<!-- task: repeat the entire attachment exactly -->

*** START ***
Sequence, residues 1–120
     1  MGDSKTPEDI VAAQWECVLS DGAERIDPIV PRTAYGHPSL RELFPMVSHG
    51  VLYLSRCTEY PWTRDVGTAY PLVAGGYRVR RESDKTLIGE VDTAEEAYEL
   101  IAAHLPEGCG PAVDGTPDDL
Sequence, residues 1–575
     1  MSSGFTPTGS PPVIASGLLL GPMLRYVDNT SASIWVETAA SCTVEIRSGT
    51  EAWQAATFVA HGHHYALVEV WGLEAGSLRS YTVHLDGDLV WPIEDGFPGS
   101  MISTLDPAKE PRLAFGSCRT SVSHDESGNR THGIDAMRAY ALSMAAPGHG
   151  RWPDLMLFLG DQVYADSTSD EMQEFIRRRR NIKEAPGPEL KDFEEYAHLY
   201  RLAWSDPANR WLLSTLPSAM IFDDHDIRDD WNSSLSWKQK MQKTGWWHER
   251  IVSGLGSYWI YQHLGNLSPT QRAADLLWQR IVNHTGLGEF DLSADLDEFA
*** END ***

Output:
Sequence, residues 1–120
     1  MGDSKTPEDI VAAQWECVLS DGAERIDPIV PRTAYGHPSL RELFPMVSHG
    51  VLYLSRCTEY PWTRDVGTAY PLVAGGYRVR RESDKTLIGE VDTAEEAYEL
   101  IAAHLPEGCG PAVDGTPDDL
Sequence, residues 1–575
     1  MSSGFTPTGS PPVIASGLLL GPMLRYVDNT SASIWVETAA SCTVEIRSGT
    51  EAWQAATFVA HGHHYALVEV WGLEAGSLRS YTVHLDGDLV WPIEDGFPGS
   101  MISTLDPAKE PRLAFGSCRT SVSHDESGNR THGIDAMRAY ALSMAAPGHG
   151  RWPDLMLFLG DQVYADSTSD EMQEFIRRRR NIKEAPGPEL KDFEEYAHLY
   201  RLAWSDPANR WLLSTLPSAM IFDDHDIRDD WNSSLSWKQK MQKTGWWHER
   251  IVSGLGSYWI YQHLGNLSPT QRAADLLWQR IVNHTGLGEF DLSADLDEFA